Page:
Homeopathy ‘overdose’ staged to discredit drugs
Hundreds of sceptics will stage a “mass overdose” outside Boots stores, a chain of chemists’ stores that sells the alternative medicine, around Britain on Sunday to protest against the chain’s continuing sale of homeopathic remedies and to argue that such treatments have no scientific basis.world Updated: Jan 31, 2010 00:07 IST
Hundreds of sceptics will stage a “mass overdose” outside Boots stores, a chain of chemists’ stores that sells the alternative medicine, around Britain on Sunday to protest against the chain’s continuing sale of homeopathic remedies and to argue that such treatments have no scientific basis.
The event, called 10:23, will see the protesters swallowing the contents of entire bottles of homeopathic pills to illustrate their claims that such remedies “are nothing but sugar pills”.
It is being co-ordinated by the Merseyside Sceptics Society, a non-profit scientific organisation dedicated to “developing and supporting the sceptical community”.
The “overdoses” will cover a dozen UK cities. “Sympathy events” will also be held in Canada and Australia.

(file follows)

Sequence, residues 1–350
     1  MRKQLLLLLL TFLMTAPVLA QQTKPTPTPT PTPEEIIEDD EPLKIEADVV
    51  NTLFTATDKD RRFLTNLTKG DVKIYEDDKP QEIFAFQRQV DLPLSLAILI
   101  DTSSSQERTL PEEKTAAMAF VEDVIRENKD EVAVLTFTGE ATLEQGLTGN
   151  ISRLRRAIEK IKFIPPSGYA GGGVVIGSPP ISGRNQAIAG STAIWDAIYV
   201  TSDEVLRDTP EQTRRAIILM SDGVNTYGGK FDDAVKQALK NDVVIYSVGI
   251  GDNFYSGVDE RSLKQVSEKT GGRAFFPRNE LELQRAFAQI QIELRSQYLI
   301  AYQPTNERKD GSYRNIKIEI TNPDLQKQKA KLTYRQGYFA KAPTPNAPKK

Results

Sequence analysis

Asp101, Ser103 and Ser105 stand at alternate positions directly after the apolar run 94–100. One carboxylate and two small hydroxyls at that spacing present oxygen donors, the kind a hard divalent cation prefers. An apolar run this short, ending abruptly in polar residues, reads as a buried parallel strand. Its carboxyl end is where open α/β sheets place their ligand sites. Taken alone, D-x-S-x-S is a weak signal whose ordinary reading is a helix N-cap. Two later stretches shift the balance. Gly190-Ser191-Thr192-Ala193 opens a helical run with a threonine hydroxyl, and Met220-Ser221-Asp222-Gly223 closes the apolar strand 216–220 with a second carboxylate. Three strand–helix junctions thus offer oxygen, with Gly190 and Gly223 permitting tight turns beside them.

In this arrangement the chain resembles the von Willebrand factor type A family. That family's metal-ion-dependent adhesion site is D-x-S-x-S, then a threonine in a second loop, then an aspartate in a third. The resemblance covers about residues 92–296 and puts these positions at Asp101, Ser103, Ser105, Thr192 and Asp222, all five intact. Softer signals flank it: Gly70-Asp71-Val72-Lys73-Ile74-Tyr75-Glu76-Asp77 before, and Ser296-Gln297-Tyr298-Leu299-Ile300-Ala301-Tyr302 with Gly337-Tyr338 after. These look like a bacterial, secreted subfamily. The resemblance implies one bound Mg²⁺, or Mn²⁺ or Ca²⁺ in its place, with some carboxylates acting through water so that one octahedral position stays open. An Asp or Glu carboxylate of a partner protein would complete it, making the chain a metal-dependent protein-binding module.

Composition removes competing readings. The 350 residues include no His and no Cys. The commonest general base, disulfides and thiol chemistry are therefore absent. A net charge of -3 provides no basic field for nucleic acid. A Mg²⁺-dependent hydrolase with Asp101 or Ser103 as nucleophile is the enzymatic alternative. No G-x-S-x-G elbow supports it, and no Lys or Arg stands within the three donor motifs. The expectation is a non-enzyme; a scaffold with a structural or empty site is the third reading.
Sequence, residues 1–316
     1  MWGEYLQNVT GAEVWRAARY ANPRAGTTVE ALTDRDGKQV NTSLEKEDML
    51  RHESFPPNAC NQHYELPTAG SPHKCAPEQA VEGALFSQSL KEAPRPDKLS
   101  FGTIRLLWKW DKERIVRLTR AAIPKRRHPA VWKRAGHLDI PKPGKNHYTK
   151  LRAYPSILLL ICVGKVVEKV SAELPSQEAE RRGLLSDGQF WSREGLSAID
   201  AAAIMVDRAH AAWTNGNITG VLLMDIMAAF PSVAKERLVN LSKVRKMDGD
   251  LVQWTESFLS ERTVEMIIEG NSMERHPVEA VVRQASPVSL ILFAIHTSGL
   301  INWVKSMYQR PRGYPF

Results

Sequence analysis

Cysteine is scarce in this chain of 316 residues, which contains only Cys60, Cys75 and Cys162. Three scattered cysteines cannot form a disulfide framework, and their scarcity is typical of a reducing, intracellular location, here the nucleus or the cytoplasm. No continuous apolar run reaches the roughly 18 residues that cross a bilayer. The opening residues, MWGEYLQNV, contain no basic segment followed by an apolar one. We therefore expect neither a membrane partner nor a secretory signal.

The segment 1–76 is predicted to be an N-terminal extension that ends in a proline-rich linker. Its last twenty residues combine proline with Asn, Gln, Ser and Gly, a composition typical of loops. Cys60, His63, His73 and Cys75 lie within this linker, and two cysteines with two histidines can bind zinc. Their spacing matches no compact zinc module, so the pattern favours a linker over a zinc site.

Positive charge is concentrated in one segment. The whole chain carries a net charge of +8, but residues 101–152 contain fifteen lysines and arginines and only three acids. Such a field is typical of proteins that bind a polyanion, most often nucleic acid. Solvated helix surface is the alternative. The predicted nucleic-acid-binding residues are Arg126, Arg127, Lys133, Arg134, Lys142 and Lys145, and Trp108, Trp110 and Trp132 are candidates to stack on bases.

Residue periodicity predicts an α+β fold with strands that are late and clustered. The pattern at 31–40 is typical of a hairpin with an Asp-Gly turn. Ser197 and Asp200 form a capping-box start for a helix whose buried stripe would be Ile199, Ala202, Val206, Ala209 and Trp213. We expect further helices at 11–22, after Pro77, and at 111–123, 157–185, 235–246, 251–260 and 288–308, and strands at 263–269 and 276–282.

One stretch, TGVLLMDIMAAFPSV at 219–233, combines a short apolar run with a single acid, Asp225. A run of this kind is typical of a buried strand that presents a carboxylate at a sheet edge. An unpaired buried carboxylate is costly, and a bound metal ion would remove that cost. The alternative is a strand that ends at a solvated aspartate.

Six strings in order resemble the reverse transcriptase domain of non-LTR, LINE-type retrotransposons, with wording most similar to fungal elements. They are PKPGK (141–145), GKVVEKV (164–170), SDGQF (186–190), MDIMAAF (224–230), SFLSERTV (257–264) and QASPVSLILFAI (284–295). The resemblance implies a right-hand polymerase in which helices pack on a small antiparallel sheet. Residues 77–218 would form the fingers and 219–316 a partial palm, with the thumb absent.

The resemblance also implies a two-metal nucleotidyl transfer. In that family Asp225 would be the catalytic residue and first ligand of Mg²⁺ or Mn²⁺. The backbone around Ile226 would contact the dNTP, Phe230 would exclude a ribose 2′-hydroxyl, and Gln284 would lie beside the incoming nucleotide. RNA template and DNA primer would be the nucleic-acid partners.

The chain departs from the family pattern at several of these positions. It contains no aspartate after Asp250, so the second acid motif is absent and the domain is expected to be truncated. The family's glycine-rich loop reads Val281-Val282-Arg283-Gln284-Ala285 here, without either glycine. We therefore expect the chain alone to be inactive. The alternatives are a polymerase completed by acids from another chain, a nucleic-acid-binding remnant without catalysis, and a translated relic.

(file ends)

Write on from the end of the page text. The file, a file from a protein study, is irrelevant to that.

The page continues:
Homeopathy, which is based on treating people using highly diluted substances to trigger healing, was developed by the German physician Samuel Hahnemann in the late 18th century. Homeopaths say water retains a memory of the substance, which has a therapeutic effect. Most scientists claim that such treatments are no better than placebos or sugar pills.
A spokesman for the event, which will begin at 10.23 am, said the group had been moved to act by the evidence given to the House of Commons science and technology select panel last November.
“Hundreds of people were following the action together on Twitter, and sharing our general disbelief at the circus that was unfolding before our eyes,” he said. “To see a homeopathic doctor explaining to MPs how many times a remedy had to be tapped before it would imprint the water was just surreal. And for the spokesman of Boots to explain that they were happy to sell customers pills for which they have no evidence of effectiveness was an insult to many people.”
He added: "We believe it is unethical for the government and [a company] to continue to support what is essentially an 18th century magic ritual.”
Paula Ross, chief executive of the Society of Homeopaths, which has more than 1,450 members across Europe, said the 10:23 event would not advance the argument on homeopathy."